"For someone with so restricted an improvising vocabulary - sinewaves and almost nothing else - Klaus Filip has built quite an impressive discography. The clue lies in its relative slenderness, evidence of his prudent choices in playing partners and contexts: lustrous drones for Los Glissandos quintet with clarinettist Kai Fagaschinski; disciplined, tonally rich exchanges with Toshimaru Nakamura on Aluk; and rigorous harmonic research conducted in the company of Radu Malfatti on Imaoto.
Those duos locate and calibrate often minute gradations of movement, texture and contrast within narrowly defined parameters. Not coincidentally, this is also the strength of Pinna, a 50 minute duo with laptopper Tim Blechmann recorded in a Viennese church in 2010. Blechmann is the more active of the two, counterpointing Filip's wafer-thin tones with striated, fizzing frequencies and gritty bass rumble. His contributions give the album a relatively expansive sweep, as well as an undulating, linear momentum, with clusters of louder, busier passages linked by passages of elongated static that seem to arc and slide at the same time. True to type, they build to a sustained, noisy climax in the last ten minutes. The performance recording is lightly pockmarked with audience noise in the form of sundry bangings and clatter. They helpfully complement its digital textures, imbuing them with a sense of dimension while grounding them in a physical space."-Nick Cain, The Wire
Interview with Tim Blechmann
Why 'Taus'? What does it mean?Klaus and me first played together at the fund-raising concert for the klingt.org webserver. Dieb13 (who runs klingt.org) asked for a name and suggested `Taus' as a combination of Tim and Klaus. A similar name was used by the duo of his girlfriend Billy Roisz with Silvia Fässler, who performed as `Silly' before renaming to `Skylla', and Dieb13 and Billy sometimes use the name `Dilly'.
Pinna sounds very different from your earlier duo on L'Innomable. Can you describe what you see as the differences between the two discs?Our first release `The Organ of Corti' was a digital studio recording. We spent a few days at Kleylehof, Klaus's atelier/farmhouse on the border between Austria and Hungary, playing and recording every night. The sound is very clean, because everything is digitally generated and recorded. `Pinna' was a recording of a concert that we played in a small church in Vienna. It is a microphone recording of a 'real' sonic space: we used 5 or 6 speakers distributed in the space, e.g. one speaker was laying on the gallery facing the ceiling. The microphones captured the sound from the speakers, the reverberation of the space ... and all kinds of environment sounds like birds, audience movements, people passing by, etc, which cannot be separated from the music.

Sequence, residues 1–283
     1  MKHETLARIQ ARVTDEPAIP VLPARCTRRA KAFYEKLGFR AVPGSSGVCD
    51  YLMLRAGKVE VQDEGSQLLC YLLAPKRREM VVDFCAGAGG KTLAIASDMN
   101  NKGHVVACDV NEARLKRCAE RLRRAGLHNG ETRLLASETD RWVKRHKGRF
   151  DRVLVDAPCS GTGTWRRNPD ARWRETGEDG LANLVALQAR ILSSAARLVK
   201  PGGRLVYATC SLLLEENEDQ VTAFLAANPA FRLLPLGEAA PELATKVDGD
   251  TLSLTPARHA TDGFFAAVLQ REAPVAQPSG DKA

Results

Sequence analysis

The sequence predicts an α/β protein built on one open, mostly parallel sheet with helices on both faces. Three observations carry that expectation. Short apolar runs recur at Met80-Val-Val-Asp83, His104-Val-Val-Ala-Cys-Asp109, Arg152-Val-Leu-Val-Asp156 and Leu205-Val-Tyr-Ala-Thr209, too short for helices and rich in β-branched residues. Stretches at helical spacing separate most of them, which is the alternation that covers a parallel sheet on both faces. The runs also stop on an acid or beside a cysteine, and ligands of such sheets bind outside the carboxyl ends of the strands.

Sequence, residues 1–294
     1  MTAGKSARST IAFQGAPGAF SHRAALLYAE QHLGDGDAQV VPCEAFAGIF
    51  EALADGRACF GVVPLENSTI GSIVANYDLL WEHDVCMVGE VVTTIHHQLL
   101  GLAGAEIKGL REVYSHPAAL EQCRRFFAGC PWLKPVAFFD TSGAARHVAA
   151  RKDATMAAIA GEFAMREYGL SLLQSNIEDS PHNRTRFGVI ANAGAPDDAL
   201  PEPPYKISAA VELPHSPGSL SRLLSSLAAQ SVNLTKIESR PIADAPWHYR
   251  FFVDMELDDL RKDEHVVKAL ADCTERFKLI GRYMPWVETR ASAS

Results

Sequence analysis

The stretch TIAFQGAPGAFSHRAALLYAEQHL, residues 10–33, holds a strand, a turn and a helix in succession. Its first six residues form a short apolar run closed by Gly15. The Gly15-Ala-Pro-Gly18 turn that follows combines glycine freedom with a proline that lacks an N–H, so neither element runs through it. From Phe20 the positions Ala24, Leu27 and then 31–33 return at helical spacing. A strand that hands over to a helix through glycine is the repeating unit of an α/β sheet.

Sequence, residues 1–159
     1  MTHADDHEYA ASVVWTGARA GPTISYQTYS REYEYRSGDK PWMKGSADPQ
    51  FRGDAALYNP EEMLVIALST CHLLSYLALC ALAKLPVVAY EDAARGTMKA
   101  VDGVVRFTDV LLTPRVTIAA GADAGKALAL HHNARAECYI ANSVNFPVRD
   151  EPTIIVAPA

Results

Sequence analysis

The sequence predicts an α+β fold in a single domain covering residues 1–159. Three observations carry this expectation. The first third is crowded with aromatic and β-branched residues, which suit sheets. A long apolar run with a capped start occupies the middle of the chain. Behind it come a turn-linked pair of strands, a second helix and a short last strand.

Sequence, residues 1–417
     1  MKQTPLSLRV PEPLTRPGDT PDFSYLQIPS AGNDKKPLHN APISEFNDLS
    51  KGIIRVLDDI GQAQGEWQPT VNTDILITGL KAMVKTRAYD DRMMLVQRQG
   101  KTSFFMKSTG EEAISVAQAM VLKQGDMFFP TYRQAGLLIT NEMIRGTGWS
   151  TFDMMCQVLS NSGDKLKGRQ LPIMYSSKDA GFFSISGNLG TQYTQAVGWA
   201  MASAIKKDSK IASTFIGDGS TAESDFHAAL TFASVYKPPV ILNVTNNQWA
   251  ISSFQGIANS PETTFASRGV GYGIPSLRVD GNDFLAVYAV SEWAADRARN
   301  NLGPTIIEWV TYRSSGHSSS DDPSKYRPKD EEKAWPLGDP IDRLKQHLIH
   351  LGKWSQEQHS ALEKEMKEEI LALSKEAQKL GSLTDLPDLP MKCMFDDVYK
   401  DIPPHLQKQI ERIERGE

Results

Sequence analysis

Yes, I really like the fact that you hear the space in Pinna; it seems to me that any improvisation is specific to the context in which it was played, and it's often good to hear something of this in a recording. But could you tell us more about the instrumentation for this church concert? Whatexactly were you both playing?Klaus and I were using computer. Klaus uses only sine waves, while I am playing noise textures and crackle sounds. These sounds are very easy to distinguish, because they don't mask each other. We always hear precisely what the other musician is playing, so we can react very directly to the situation. However, the computer itself doesn't produce any sound, so we need loudspeakers to transform the electrical signal into vibrations. When playing a concert, it's always a question, which speakers?, how many?, and where to place them? For Klaus's sine waves, it doesn't really matter where you place the speakers, but he always likes to have a subwoofer to be able to play very low-frequency sounds. But for my noise textures, the placement of the speakers matters a lot because they are very easily locatable, and I try to play different sounds on different speakers.
Musically the piece is mostly very quiet, and yet the sound seems really full and rich. I suppose that comes from the spatial aspect. Was it evident to you at the time that the set you were playing was very strong, or did you only think it was worth releasing on disc once you'd heard the recording?It was probably one of our most relaxed concerts. As it was a rather hot weekend in July, not so many people came to listen to the concert and therefore the situation was very concentrated. Bob Ostertag once wrote that John Zorn refused to play for too many people because it ruined the music. He has a good point there, as it is much more inspiring to play for an attentive audience. Playing with Klaus in such a situation is almost a form of meditation.